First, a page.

Medical causation: the onus of proof and the medico-legal evidence to be considered

By Barbara Casado and Bree Cohen

Insurance Australia Limited t/as NRMA Insurance v Trkulja [2023] NSWSC 956

A recent New South Wales Supreme Court decision provides guidance as to what compulsory third party (CTP) insurers should consider when reviewing adverse medical assessment certificates addressing causation and where medical opinion has been excluded from the review. In this article, we examine the case and its implications.


Brojan Trkulja (Trkulja) was a back-seat passenger in a vehicle that collided with the rear of another vehicle on 3 January 2017 (accident). Trkulja alleged that they suffered physical and psychological injuries and a claim for damages was brought against Insurance Australia Limited t/as NRMA Insurance (Insurer) under the Motor Accidents Compensation Act 1999 (NSW) (MAC Act).[1]

The Insurer initially conceded that Trkulja’s injuries gave rise to a whole person impairment (WPI) of greater than 10% but the concession was withdrawn a few months later.[2] Trkulja lodged an application for assessment of WPI at the Personal Injury Commission (PIC) and was assessed by PIC Medical Assessor Dr Farhan Shahzad (Assessor Shahzad) at 17% WPI.

The Insurer sought review by a medical review panel under section 63 of the MAC Act, which was accepted and allocated to the Review Panel (Review Panel). The Insurer opposed the Review Panel determining the issues without a re-examination and pressed that the Review Panel ‘must conduct its assessment afresh’ due to the inconsistencies in the assessment and the evidence. The Review Panel concluded that a re-examination was not required and that the issue of causation would be dealt with separately.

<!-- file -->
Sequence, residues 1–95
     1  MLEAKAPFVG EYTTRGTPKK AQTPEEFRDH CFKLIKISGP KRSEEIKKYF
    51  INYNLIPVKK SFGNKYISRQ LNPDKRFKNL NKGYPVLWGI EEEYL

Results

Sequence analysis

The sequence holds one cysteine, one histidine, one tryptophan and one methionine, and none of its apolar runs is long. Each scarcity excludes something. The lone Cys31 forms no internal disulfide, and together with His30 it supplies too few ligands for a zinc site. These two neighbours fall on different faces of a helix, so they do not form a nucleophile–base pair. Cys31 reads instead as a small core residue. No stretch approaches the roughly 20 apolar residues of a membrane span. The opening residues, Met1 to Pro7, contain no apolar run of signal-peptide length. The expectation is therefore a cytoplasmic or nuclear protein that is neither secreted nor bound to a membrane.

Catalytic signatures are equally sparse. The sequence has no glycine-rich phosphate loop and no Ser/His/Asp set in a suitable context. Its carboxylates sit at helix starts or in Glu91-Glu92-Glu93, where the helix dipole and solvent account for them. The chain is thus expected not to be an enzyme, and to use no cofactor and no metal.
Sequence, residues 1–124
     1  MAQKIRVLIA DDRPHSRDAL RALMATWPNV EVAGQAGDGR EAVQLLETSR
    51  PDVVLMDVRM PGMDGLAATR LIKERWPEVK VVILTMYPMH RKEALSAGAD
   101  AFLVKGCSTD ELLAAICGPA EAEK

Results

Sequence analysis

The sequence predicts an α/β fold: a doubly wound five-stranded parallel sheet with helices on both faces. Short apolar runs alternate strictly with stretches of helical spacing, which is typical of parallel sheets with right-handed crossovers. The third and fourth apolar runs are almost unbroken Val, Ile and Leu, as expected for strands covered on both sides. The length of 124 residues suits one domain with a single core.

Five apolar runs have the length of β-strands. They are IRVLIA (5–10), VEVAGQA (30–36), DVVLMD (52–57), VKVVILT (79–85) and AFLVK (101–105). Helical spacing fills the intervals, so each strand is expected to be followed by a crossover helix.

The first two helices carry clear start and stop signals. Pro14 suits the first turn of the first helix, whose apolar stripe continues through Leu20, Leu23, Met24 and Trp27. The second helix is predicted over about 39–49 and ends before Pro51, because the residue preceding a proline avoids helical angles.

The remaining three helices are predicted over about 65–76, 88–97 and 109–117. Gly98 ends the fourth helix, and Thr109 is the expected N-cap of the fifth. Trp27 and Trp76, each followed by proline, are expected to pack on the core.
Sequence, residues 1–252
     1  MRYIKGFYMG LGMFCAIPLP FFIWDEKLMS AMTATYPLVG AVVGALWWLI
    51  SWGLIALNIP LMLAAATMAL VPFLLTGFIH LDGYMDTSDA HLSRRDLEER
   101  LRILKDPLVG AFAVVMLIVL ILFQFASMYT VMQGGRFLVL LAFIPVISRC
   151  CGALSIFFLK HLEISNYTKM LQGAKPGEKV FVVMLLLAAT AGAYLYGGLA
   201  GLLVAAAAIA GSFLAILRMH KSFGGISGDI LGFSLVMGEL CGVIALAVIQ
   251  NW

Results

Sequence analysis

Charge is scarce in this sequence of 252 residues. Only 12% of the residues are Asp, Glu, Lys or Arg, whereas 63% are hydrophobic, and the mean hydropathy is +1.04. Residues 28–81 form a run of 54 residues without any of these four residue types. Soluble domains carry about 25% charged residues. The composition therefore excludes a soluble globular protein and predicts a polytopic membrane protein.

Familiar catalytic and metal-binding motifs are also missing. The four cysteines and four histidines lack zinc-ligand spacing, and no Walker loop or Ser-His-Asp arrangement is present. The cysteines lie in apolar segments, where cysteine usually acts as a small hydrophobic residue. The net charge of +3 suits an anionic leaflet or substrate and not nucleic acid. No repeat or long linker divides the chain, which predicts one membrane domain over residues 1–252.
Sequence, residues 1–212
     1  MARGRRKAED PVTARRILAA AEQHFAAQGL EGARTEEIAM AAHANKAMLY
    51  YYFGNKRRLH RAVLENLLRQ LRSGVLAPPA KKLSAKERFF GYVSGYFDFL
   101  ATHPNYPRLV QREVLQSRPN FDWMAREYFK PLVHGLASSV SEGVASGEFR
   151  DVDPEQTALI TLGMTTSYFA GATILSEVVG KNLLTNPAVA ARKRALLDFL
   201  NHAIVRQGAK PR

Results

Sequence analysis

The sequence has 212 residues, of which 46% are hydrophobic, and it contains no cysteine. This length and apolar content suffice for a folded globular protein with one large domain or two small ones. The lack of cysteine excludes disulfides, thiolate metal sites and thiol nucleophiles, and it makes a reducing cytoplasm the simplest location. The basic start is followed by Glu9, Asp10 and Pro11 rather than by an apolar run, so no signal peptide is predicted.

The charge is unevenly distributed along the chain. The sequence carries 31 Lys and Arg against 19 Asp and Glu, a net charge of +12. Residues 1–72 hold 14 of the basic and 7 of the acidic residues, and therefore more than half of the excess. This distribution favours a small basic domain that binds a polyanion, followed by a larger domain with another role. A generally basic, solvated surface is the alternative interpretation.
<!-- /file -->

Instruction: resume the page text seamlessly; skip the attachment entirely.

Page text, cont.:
PIC decision under review

The Review Panel issued a certificate on 9 December 2022[3] affirming the decision of Assessor Shahzad. In coming to their decision, the Review Panel found that:

  • the insurer had ‘failed to persuade the panel that the evidence upon which it relies establishes on the balance of probabilities that the forces involved in the accident were sufficient to cause the [alleged] injuries…’;[4]
  • having reviewed the parties’ respective expert liability reports, ‘the nature of the damage is consistent with the front to rear end collision between the vehicles’ and therefore causation was established;[5] and
  • the Insurer’s medical reports did not comply with clause 1.41 of the Motor Accident Permanent Impairment Guidelines (Guidelines),[6] which provides that a ‘medical assessor’ must provide a claimant an opportunity to address the inconsistencies between the ‘medical assessor’s’ findings and the medical records or observations on non-clinical activities, and on that basis the Review Panel was unable to rely on those reports.

The Insurer disagreed with the Review Panel’s decision and filed a summons seeking judicial review in the Supreme Court of NSW.


The Insurer contended, among other things, that the Review Panel’s decision should be set aside as the Review Panel:[7]  

  1. erred in excluding the Insurer’s medico-legal evidence from its consideration; and
  2. erred in determining causation.